Overall this is a good book, worthy of a four star review. The reason for my two star review is because of Chapter 7, Confronting a Restaurant Wine List. This is the one chapter that obviously is written by people who don't have experience in the area they are talking about and didn't bother to consult with people who do before making some bold assumptions. This chapter is full of misinformation, negative assumptions, and directions on how to conduct yourself in a restaurant that if followed, ma Overall this is a good book, worthy of a four star review. The reason for my two star review is because of Chapter 7, Confronting a Restaurant Wine List. This is the one chapter that obviously is written by people who don't have experience in the area they are talking about and didn't bother to consult with people who do before making some bold assumptions. This chapter is full of misinformation, negative assumptions, and directions on how to conduct yourself in a restaurant that if followed, make for a less enjoyable dining experience. In short, this chapter tells you to be infuriated by a lot of things that are just standard restaurant protocol. I have worked in fine dining restaurants as a server and captain for many years. Ordering wine at a restaurant and talking shop with the server or sommelier once you have some wine knowledge is a fun part of the experience for all who are involved. It is a shame that this book has the potential to ruin that for its readers by putting a negative spin on a lot of things that are just normal happenings with restaurant wine lists and dinner service. So I'm going to quickly address some of the points: 1. It starts by saying that it is infuriating that wine lists sometimes only tell you the name and price and that sometimes they won't have the wine you ordered in stock that night. Well, if a wine list with 500 bottles had an extra two lines describing each bottle, the list would be so overwhelming and take forever to get through. You could have 50 Cabernets in a row that all say "Notes of chocolate, leather, cassis and tannins". You're going to judge the wine by the familiarity with the producer, vintage, region and questions you ask your server. The wine you ordered could be a bottle that customers rarely order, but randomly the previous night a large party ordered all the bottles in house and the restaurant had to place an order and wait 3 business days to get more. It happens no matter how nice and on top of things a restaurant is. It's not because they don't care, forgot to place an order, or just didn't bother to update the wine list, as the book suggests. 2. They also tell you to ask your server how long the bottle of wine has been opened if you decide to do wine by the glass. They say that no wine is fresh enough to serve the next day. Well, in reality all decent restaurants keep track of when their bottles were opened and gas their wines at night or have them hooked up to machines that air seal the wine. If it tastes old, you can ask your server about it. But don't automatically ask every single time you order a glass of wine. That's just tacky and a good way to kill rapport early on in the dining experience. If you do ask, ask them to check with the bartender on when the bottle was opened. Don't just expect them to know the exact time that all 22 wines by the glass were opened. 3. This chapter also tells you to be upset if only one wine list is presented to the table and demand more because that is an "outmoded convention". Wine lists are big books that restaurants don't have as many of as they do menus. Usually even though a discussion happens, one person decides on the bottle. The server isn't trying to be sexist or old-fashioned. You can ask for another list, but don't waste energy being negative over something that isn't insulting. You'll be annoyed every time you go out to eat before you even get water service if you expect your server to automatically assume everyone needs a copy of the wine list. 4. "Be aware of low to high pricing". This part tells you to be insulted by a wine list that presents the wines in ascending order from lowest to highest price. They say this is done to make you feel guilty and buy more expensive wine further down the list. That is a ridiculous assumption that has 0% base in reality. It's simply not true. People have a price range and a varietal in mind when they walk in. It makes it so much easier for them to look at different wines in their range right next to each other than to be flipping back and forth between pages trying to remember the wines in the same price range. 5. Wine prices versus retail. When you're going out to a nice restaurant, if you sit there and price out how much potatoes cost at Safeway versus your baked potato, a bottle of Absolut versus your two martinis, etc., you'll drive yourself crazy and not enjoy your meal. Yes, restaurants have higher price margins on their wine and liquor, but that is how the business model works, period. Keeping a restaurant profitable is very difficult and they're not doing it to gouge customers. 6. Wine service. There is a section that actually is called "Wine List Power Struggles". It tells you that servers often don't give you enough time before they come back to the table. You need to stand your ground and don't let the server bully you into making a hasty choice. Well, the server comes back to the table after a few minutes to see if you have any questions and then gives you more time. They don't do it to pressure you. Once again, this book is dangerously planting an idea in it's readers minds that could make a dining experience go south from the beginning. If servers always gave every guest 10 minutes to look at the wine list, they would have a lot more customers upset over slow service than they would happy guests who appreciate the extra time to look over the list. If you always expect 10 minutes of uninterrupted time and feel pressured if the server returns after a few minutes, you'll always be disappointed. But it's just standard service. This part also encourages being insulted if women are poured first and if the server tries to refill your glasses instead of letting you pour yourself. If that really is something that bothers you, not just because you read it in the book, then politely tell your server you like to pour for yourself once the bottle is open. But don't wait for him/her to try and then act insulted because they tried to do something that is standard restaurant protocol. Other than this chapter, it's a great book for touching the surface on all the basic aspects of wine knowledge. They just dropped the ball in the restaurant chapter.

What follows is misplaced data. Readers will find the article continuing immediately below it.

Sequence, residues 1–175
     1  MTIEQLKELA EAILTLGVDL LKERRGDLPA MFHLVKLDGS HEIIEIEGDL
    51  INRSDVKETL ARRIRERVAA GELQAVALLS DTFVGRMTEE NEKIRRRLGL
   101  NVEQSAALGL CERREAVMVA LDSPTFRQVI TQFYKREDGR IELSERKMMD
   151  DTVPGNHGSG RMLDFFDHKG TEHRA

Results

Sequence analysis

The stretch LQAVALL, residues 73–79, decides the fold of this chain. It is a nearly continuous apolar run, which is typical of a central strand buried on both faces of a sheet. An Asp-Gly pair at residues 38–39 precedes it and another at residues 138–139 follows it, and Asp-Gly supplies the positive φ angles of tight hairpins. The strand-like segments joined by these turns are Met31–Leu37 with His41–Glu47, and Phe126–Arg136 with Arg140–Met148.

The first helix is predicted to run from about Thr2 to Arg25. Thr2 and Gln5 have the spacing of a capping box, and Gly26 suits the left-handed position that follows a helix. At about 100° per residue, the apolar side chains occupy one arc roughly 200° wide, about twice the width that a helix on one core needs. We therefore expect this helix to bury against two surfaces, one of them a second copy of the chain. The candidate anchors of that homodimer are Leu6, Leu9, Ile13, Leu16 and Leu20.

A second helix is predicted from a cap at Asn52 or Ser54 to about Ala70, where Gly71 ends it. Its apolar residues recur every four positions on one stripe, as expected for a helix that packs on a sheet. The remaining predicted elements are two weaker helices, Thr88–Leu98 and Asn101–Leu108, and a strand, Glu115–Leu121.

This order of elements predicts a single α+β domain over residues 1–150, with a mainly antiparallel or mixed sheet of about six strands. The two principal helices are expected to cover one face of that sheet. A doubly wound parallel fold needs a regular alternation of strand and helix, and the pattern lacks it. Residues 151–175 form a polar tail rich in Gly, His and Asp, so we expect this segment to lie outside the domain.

3. 5 out of 5